In terms of finding deals, it made it easier. One of the things I always tell people is that, “All of our deals come from broker relationships.” Could I have done that remotely? The answer is also yes. I could have made phone calls, sent emails and be persistent, but it’s a lot easier when I can do it in person. Perhaps my approach is more old school than most but I always take the approach of getting face time not the app but actual face time with brokers whenever I get the chance to. What I do for my brokers that I have good relationships with is I take them out for lunch or drinks, usually on a 2 to 3-month rotation. I also find other ways to get in front of them.

Some of those ways could be touring properties. I do that even for properties that I don’t necessarily have an interest in just to gain additional face time. For anybody reading who is looking to potentially be an active investor, I wouldn’t do that if it’s on the opposite side of the state. If it’s something you can get to easily and it’s not causing you a significant amount of time, I think it’s worth investing in it because you’re investing in that relationship. Other things as well, pre-COVID, we had a Super Bowl party at a bar. I said, “Let’s invite all of our good broker contacts.” We had a reason to get everybody together. I said, “We’ll all hang out and get to know each other a bit.” It was a good bonding experience. Our last two deals have been worked out over lunch meetings. Those have been very beneficial to have.

That brings me back to this deal. How were you able to find this one?

We initially got this deal through the broker that sold it to us in February of 2020. When we first looked at it, we knew that the area was starting to change. We could see some things happening and we felt that the seller’s number was a bit high and unrealistic. Keep in mind that we looked at it in February 2020 and they gave us financials from August 2018. I threw an offer out there to see if we could engage the seller and get his attention with the intent of getting current financials but that never happened. He came back with a higher price but we never got current financials. I said, “Give us current financials. I’ll see. Maybe we can come up to that.” Fast forward late September 2020, they take it to market. I see it come out there and I contact the broker and I said, “I see you finally got the current financials. At least that’s good.”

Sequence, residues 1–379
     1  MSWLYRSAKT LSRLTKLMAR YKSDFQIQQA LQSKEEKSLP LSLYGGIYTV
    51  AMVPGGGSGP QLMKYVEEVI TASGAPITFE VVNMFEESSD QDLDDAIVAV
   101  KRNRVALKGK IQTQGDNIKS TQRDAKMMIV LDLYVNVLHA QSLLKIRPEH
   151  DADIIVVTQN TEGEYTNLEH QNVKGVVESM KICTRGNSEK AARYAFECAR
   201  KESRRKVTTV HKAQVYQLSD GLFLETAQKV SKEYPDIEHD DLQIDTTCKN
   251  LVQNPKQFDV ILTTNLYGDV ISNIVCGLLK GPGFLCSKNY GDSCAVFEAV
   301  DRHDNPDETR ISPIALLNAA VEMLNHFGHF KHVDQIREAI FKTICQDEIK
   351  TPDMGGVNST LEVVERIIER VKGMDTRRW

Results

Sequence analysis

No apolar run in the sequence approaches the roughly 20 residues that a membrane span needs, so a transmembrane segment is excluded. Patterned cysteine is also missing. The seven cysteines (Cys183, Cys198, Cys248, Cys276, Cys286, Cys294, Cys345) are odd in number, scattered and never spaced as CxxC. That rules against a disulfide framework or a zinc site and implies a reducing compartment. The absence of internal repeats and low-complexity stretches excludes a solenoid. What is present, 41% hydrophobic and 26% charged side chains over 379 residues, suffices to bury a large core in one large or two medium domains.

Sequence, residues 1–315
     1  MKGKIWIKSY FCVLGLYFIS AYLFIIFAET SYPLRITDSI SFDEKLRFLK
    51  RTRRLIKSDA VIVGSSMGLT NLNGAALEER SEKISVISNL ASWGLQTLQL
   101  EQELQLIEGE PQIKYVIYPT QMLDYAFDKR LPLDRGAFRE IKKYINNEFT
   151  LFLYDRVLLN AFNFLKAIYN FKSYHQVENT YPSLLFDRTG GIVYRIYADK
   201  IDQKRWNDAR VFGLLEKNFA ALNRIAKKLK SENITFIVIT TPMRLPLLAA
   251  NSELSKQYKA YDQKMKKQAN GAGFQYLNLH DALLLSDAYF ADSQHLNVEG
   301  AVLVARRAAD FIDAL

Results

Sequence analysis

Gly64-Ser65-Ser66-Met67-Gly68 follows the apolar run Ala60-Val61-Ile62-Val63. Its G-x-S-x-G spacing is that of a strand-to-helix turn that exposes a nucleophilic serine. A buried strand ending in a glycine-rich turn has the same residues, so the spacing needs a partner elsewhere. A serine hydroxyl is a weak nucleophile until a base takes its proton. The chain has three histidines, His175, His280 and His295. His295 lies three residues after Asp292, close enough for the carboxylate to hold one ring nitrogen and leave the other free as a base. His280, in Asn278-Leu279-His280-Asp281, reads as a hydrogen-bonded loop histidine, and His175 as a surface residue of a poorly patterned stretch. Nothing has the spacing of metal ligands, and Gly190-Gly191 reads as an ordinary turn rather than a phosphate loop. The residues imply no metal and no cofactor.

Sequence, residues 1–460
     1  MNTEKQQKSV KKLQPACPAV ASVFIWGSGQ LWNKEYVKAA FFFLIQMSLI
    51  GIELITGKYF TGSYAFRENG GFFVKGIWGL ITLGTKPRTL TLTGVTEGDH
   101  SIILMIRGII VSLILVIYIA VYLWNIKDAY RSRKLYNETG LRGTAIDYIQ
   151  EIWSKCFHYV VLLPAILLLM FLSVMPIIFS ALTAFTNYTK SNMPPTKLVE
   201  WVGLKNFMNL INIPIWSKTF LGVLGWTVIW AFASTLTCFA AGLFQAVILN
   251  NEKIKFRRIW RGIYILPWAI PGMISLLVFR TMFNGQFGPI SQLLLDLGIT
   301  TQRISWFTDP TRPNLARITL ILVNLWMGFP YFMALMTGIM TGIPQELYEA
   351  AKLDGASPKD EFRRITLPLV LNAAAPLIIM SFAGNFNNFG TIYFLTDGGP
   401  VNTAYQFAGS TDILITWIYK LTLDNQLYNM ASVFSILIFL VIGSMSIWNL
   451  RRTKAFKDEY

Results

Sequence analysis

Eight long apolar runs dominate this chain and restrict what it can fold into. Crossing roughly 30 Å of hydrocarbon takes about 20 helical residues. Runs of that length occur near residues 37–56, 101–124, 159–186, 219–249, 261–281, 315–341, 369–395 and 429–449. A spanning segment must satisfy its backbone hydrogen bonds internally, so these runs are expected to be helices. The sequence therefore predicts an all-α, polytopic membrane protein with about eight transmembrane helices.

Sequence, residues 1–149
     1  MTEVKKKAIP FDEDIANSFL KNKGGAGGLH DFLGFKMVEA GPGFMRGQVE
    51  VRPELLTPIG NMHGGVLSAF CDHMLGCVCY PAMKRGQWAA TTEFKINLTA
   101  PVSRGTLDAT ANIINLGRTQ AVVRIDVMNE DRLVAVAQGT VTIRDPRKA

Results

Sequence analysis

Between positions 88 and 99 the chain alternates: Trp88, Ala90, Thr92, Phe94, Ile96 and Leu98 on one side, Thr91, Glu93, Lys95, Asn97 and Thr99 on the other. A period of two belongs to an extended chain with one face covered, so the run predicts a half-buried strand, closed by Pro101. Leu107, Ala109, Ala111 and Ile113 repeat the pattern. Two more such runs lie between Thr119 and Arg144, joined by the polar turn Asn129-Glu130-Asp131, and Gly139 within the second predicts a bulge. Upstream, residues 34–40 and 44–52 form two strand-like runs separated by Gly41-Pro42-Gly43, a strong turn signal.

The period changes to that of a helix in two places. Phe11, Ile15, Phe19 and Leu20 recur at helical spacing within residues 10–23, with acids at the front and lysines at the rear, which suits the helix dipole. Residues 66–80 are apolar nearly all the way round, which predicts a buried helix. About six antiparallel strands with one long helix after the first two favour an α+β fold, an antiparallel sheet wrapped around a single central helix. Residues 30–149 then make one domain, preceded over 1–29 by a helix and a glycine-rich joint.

When you’re marketing it, they don’t want financials from a few years ago. Being that we had a headstart and I lived locally, it worked out that I already had a lunch booked with that broker for October 1, 2020 and this deal came to market in late September 2020. We decided to schedule a formal tour of the property for that same day, right before lunch. At lunch, I’ve been dealing with this broker for almost two years and he said, “When are we going to get a deal done?” I said, “How about this one?” We worked at the details from a high level over there at lunch. I went home and submitted an LOI after. We also were able to preempt the marketing process which is a significant advantage because as opposed to going to the end of it, where you’re competing against other groups, we’re able to circumvent that competition and prevent it from going through a further bidding war.

In terms of networking, was it something that you learned from when you were working in New York?

Market risk is something that you have no control over. You have to adjust and pivot as needed. Click To Tweet

Yes. It was learned from a lot of different people. The gentleman that I worked for in New York was highly successful. He certainly didn’t get hit by accident. There was a lot of hard work and contacts. I was able to pick up on that quickly. Also, the different mentors and coaches that I’ve hired and worked with through the years always drill into the importance of networking. It’s often said that, “Your network is your net worth.” There is a lot of truth to that, especially in a business like real estate that is heavily built on relationships.

Moving into this deal, you put in an LOI and then ultimately, you won the deal. Can you talk about the process of winning? Was it just a slam dunk or was there a point in time when you were like, “I don’t think this is going to go through?”